The Augustinian and Reformed tradition maintains that in one sense God ‘wills’ evil, he decides that evil shall occur. Calvin, though he at times uses it, objects to the term permission; he considers it to weak, suggesting a God who is a mere spectator. In reality, he declares, God goes so far as to move the will of those who do evil. Many are scandalized at this. Journet blames Calvin bitterly for speaking of ‘willing.’ He can tolerate only the language of ‘permission.’ Berkouwer criticizes his own tradition on the same points: even Bavinck, he argues, ought not to have stated that God in a certain manner ‘wills’ evil.
We are obliged to refute the accusation: first of all because the audacity of writers of Scripture, such as Paul or Ezekiel, puts the boldest of Calvin’s expressions in the shade; our quotations above [from Scripture] bear that out. And then why should we argue about words? ‘Having the authority to prevent, and the power, when God allows it, is that not as good as if he did it?’ (Calvin). There is little to gain in rejecting the verb ‘to will’ so long as you do not deny divine sovereignty. Berkouwer is obliged to concede that sin is never committed ‘outside (praeter) the will of God’; is that not the admission of a certain will? In vain does Journet attempt to pit Calvin against Augustine on this point. One may as well take one’s position from the stern candor of Scripture: if evil occurs under the rule of God, then his will is involved.
The assurance of the absolute sovereignty of God contributed to ‘the fear of the LORD,’ which is so rare amongst people, even Christians, in our day. It fostered humble faith, it poured the balm of consolation. Racked with illness, Calvin repeated, ‘You are crushing me, Lord, but I am content that it comes from your hand.’ It [the fear of the Lord] alone can bring peace, beyond that of forgiveness, for having done irreversible wrongs, for even that is in the hand of God, etiam peccata (‘including sins’). By including that in his plan, he relieves us of the intolerable care of having the final responsibility (cf Gen. 45:8). He is the First and the Last. Our God reigns.
The Christian is called to glorify God in all areas of life (1 Cor. 10:31). We should have the same mind as Paul when he said, “Our purpose is to please God…our goal is to please him” (1 Thes. 2:4; 2 Cor. 5:9 NLT). Another way to say this is that we live for God. One question arises: how do we learn what pleases God? How can we know what it means to live for him?
Petrus Van Mastricht explained this very well and very succinctly (as he usually did!):
“To [attain] that goal [of living for God] let us entirely direct our actions, according to the right norm, which is… threefold: 1) The Word of God (Ps. 119:17; Gal. 6:16). 2) The life of Christ, because of whom we are called Christians. Christ personally commends his life to us as an example (Matt. 11:29), and Paul professes that he is pursuing it (1 Cor. 11:1). By this Christ lives in us (Gal. 2:20) and shines in us (2 Cor. 4:10), and also, his life presents the most accurate exemplar for our own. 3) Our own conscience rightly conformed to the Word of God (Acts 24:16) also presents us both with a norm and with a judge subordinate to God.”
I like Augustine’s comments on the perseverance of the saints using the biblical reference of the “book of life” (cf. Phil 4:3, Rev. 3:5, etc.):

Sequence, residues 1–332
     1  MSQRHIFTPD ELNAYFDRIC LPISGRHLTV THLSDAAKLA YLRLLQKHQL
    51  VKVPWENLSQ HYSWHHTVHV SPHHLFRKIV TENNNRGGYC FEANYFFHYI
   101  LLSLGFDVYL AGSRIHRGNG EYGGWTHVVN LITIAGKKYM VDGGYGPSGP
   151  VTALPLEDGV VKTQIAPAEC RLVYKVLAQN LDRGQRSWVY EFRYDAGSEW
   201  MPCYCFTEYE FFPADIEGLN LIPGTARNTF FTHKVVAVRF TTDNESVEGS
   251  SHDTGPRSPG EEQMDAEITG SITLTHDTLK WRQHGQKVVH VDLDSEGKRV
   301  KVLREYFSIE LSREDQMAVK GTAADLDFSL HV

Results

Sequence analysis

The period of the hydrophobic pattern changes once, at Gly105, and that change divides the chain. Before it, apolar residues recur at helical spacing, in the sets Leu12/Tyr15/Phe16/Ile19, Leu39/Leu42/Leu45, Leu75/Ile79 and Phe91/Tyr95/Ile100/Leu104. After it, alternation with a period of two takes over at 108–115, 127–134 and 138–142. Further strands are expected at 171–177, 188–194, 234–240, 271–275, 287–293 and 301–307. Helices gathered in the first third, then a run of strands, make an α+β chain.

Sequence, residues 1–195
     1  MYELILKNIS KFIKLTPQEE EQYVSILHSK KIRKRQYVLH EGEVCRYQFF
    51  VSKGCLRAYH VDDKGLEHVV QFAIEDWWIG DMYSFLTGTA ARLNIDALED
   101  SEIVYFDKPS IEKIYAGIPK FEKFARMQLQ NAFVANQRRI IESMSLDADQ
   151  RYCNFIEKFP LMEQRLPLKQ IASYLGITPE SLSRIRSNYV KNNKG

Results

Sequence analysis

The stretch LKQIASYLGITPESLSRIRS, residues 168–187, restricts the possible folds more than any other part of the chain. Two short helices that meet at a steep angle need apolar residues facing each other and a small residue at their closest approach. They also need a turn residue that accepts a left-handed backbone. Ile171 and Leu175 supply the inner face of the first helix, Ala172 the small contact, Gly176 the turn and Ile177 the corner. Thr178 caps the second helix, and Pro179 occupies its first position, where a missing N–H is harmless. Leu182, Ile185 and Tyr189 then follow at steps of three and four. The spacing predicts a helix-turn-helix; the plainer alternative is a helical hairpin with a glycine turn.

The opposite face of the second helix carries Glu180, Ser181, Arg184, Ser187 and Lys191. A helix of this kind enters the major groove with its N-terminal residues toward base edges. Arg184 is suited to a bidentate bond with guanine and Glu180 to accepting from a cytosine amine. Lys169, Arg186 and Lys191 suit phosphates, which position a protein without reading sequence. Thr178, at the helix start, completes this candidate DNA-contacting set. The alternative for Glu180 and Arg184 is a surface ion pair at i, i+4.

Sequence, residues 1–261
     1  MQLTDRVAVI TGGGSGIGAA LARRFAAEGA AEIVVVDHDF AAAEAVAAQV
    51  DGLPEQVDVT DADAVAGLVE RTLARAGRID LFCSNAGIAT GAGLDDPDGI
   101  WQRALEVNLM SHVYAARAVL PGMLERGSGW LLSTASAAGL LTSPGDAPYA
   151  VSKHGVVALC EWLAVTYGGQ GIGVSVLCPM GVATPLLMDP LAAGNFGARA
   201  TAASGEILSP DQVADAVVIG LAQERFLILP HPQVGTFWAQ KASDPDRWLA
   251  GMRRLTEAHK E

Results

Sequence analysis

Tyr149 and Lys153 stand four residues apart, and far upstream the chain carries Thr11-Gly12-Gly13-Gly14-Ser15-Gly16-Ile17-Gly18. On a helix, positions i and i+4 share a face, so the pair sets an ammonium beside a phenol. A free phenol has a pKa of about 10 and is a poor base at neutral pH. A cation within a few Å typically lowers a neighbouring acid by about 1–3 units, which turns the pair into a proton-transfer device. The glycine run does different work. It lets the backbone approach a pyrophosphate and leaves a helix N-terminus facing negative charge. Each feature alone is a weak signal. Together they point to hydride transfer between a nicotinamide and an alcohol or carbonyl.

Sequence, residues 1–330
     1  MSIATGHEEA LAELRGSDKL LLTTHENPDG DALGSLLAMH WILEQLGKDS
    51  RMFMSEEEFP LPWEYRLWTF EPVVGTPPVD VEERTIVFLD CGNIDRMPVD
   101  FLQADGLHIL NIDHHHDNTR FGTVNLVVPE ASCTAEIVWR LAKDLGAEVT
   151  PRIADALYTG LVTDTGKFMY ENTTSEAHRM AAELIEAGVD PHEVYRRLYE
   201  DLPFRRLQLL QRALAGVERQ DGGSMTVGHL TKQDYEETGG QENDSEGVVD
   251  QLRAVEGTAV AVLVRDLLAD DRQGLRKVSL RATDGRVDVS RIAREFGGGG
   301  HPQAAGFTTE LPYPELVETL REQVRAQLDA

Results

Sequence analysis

Brethren, we must not so take it, as that God writeth anyone in the book of life, and blotteth him out. If a man [Pilate] said, “What I have written I have written,” concerning the title where it had been written, “King of the Jews,” (John 19:22) doth God write anyone, and blot him out? He foreknoweth, He hath predestined all before the foundation of the world that are to reign with His Son in life everlasting (Rom. 8:29). These He hath written down, these same the Book of Life doth contain.
Serious Christians are students of the Word. We seek the truth in God’s Word, we find it there, and we learn more about it as we grow, study, and read. We memorize verses, try to understand biblical concepts, and we desire to live as Scripture calls us to live. We are students of the Word of truth.
However, as W. G. T. Shedd wrote about studying the Word,
It is not sufficient to commune with the truth; for truth is impersonal. We must commune with the God of truth. It is not enough to study, and ponder, the contents of religious books, of even the Bible itself. We must actually address the author of the Bible, in entreaties and petitions.
There can, consequently, be no genuine religion without prayer. And the degree of religion, will depend upon the depth and heartiness of prayer. It does not depend so much upon the length, as the intensity of the mental activity. A few moments of real and absorbing address to God, will accomplish more for the Christian, in the way of arming him with spiritual power, than days or years of reflection, without it.
Shedd then applies study and prayer to the pastor’s life:
Well, therefore, may we lay down, as the first rule for the promotion of piety in the clergyman, the great and standing rule for all Christians. Let him not be satisfied with studying, and pondering, the best treatises in theology, or with studying, and pondering, even the Bible itself. Besides all this, and as the crowning and completing act, in the religious life, let him actually, and really pray. Let him not be content with a theological mood, with a homiletic spirit, with a serious and elevated mental habitude. Besides all this, and as a yet higher and more enlivening mental process, let him truly, and personally address his Maker and Redeemer, in supplication. Let him not attempt to promote piety in the soul, by a merely negative effort,—by neglecting the cultivation of the mind, and undervaluing learning and study. If the clergyman is not spiritually-minded, and devotedly religious, with learning and studiousness, he certainly will not be so without it. Neglect of his intellectual and theological character, will not help his religious character. Let him constantly endeavor to advance the divine life in his soul, by a positive, and comprehensive method. Let him consecrate, and sanctify all his study, and all his meditativeness, and all his profound and serious knowledge, with prayer.